At this key time, when so many are embracing women's empowerment, others are afraid to be associated with feminism. When did we get so afraid to call ourselves feminists?
As our nation's first popularly elected African American Senator, Senator Brooke claimed his seat at the table of government and paved the way for the election of African Americans across the country, including President Barack Obama and me.
Yesterday in Silicon Valley, former Secretary of State Hillary Clinton stood before an audience of 5000 women in the tech industry, eager to hear her perspective on advancing women's leadership, advocating for themselves and other women in the workplace.
This catastrophic event indicated to us once more that enacting rules or making reforms cannot by themselves help to empower women and prevent violence. The government of Turkey should focus much more on internalization of the reforms (like those it pioneered once upon a time) to prevent them from being merely cosmetic.
Last Wednesday, Mississippi petitioned the Supreme Court to reverse a lower court decision that is keeping the state's only remaining abortion clinic open--for now. The clinic is under threat of closure, thanks to a 2012 state law that requires abortion clinic doctors to gain admitting privileges at local hospitals.
Social media is abuzz with the story of the well-respected scholar at the Islamic institute in Elgin, Illinois, who is accused of abusing his female students. When I read the story, I got flashbacks to that painful moment in my childhood when one of my religious teachers tried to violate his boundaries with me.
Identifying as a feminist doesn't mean we need to cancel our waxing appointments and trade in our stilettos for sensible shoes; nor does it mean we need to bash men and question gender differences.
Beginning on 7 February and continuing throughout the year, activists are RISING to end violence against women and girls, and calling for a radical shift in consciousness to end the global epidemic of abuse that one in three women face worldwide.
The fact is, Susan B. Anthony was a remarkable woman, and as February 15th was her birthday, it seems a good time to honor her lifetime of advocating for women's rights by sharing a bit about her in this week's post.
The public space between social activism, advocacy and art can be profound. In their own ways, art and social justice are universal languages. The idea that all people should be treated fairly and respectfully transcends backgrounds and cultures.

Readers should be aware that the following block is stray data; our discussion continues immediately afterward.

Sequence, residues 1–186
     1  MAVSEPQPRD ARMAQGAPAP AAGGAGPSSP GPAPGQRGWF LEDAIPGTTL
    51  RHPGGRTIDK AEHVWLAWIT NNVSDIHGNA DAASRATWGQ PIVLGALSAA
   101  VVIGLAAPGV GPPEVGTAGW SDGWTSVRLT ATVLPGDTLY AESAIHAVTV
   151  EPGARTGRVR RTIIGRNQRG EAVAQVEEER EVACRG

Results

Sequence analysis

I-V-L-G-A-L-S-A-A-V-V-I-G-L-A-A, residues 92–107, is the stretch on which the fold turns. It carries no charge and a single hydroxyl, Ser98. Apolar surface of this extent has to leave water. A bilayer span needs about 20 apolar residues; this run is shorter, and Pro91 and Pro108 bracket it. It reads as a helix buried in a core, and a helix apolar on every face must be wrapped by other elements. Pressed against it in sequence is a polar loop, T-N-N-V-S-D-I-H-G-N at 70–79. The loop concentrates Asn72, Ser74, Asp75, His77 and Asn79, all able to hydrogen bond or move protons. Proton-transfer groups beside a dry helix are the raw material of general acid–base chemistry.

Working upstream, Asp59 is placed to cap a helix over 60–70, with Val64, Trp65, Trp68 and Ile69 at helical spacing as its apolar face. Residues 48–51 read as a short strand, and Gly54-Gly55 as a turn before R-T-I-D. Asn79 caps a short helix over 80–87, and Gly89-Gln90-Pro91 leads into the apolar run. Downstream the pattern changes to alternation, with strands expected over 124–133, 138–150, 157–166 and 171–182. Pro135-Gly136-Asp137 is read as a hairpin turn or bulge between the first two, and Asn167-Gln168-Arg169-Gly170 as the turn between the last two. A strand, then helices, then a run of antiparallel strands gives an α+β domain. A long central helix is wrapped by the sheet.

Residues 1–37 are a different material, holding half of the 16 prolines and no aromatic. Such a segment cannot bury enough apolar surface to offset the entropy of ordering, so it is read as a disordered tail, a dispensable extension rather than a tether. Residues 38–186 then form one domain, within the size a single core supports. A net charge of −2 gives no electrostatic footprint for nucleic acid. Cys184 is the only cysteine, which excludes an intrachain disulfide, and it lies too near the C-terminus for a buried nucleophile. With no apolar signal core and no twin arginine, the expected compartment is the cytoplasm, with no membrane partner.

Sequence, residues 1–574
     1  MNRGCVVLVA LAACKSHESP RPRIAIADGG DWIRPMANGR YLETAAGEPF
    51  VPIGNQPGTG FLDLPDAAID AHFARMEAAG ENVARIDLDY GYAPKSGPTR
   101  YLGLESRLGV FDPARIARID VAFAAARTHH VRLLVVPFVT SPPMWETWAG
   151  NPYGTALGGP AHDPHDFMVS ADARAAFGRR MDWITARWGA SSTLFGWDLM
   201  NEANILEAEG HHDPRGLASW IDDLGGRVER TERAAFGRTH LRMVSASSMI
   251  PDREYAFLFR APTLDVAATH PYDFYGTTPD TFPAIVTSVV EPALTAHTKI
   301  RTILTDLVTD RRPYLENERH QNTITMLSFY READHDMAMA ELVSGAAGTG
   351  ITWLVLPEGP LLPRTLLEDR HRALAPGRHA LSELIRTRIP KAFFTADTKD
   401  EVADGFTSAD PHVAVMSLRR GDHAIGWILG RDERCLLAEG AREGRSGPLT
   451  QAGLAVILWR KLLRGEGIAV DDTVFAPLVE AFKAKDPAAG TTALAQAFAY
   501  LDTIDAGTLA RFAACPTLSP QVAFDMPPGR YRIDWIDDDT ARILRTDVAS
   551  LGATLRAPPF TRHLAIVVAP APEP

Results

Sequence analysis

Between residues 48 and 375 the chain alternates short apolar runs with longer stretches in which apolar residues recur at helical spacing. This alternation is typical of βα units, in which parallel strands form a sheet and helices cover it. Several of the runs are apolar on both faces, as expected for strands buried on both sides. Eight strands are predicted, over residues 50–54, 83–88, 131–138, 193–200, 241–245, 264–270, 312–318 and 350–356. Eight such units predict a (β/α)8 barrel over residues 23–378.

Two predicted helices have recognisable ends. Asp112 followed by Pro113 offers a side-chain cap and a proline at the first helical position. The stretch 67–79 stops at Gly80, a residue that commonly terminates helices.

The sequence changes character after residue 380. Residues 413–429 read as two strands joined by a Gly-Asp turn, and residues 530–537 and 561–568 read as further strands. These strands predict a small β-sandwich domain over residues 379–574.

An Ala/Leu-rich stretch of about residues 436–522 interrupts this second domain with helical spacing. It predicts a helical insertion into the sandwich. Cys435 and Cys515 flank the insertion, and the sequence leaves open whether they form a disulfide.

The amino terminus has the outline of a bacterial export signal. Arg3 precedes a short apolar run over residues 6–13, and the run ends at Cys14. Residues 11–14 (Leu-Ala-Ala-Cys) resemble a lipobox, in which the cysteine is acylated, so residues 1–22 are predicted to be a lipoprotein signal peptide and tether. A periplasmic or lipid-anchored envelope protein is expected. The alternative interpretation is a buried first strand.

As an organization with a 50-year history of ensuring that the gender and economic security lenses are included in policy and budget discussions, Wider Opportunities for Women, had one question in reviewing the President's proposed budget, "Are there opportunities for women?"
New bills introduced in state legislatures in Kansas, Oklahoma, and Missouri would outlaw the safest method of second-trimester abortion in America. Known as dilation and evacuation (D&E), this procedure is also the most commonly used.
This legislation not only attacks women's rights, but it discriminates against people with low income and impedes other healthcare services as well.
The 20-year-old psychology student at Çağ University allegedly resisted a rape attempt only to be stabbed, hit with an iron pipe and have her fingers cut off before being burned and having her body discarded. Three men are in the custody of Turkish police in connection with this brutal killing.
Selma is rightfully centered on Dr. King, and has been rightfully criticized for the way it portrays LBJ. But there's another slight that also distorts history, and that's the role King's wife Coretta played in the civil rights movement.
Self-confidence is a matter of perception, and the good news is that if one does not have it naturally, it can be developed.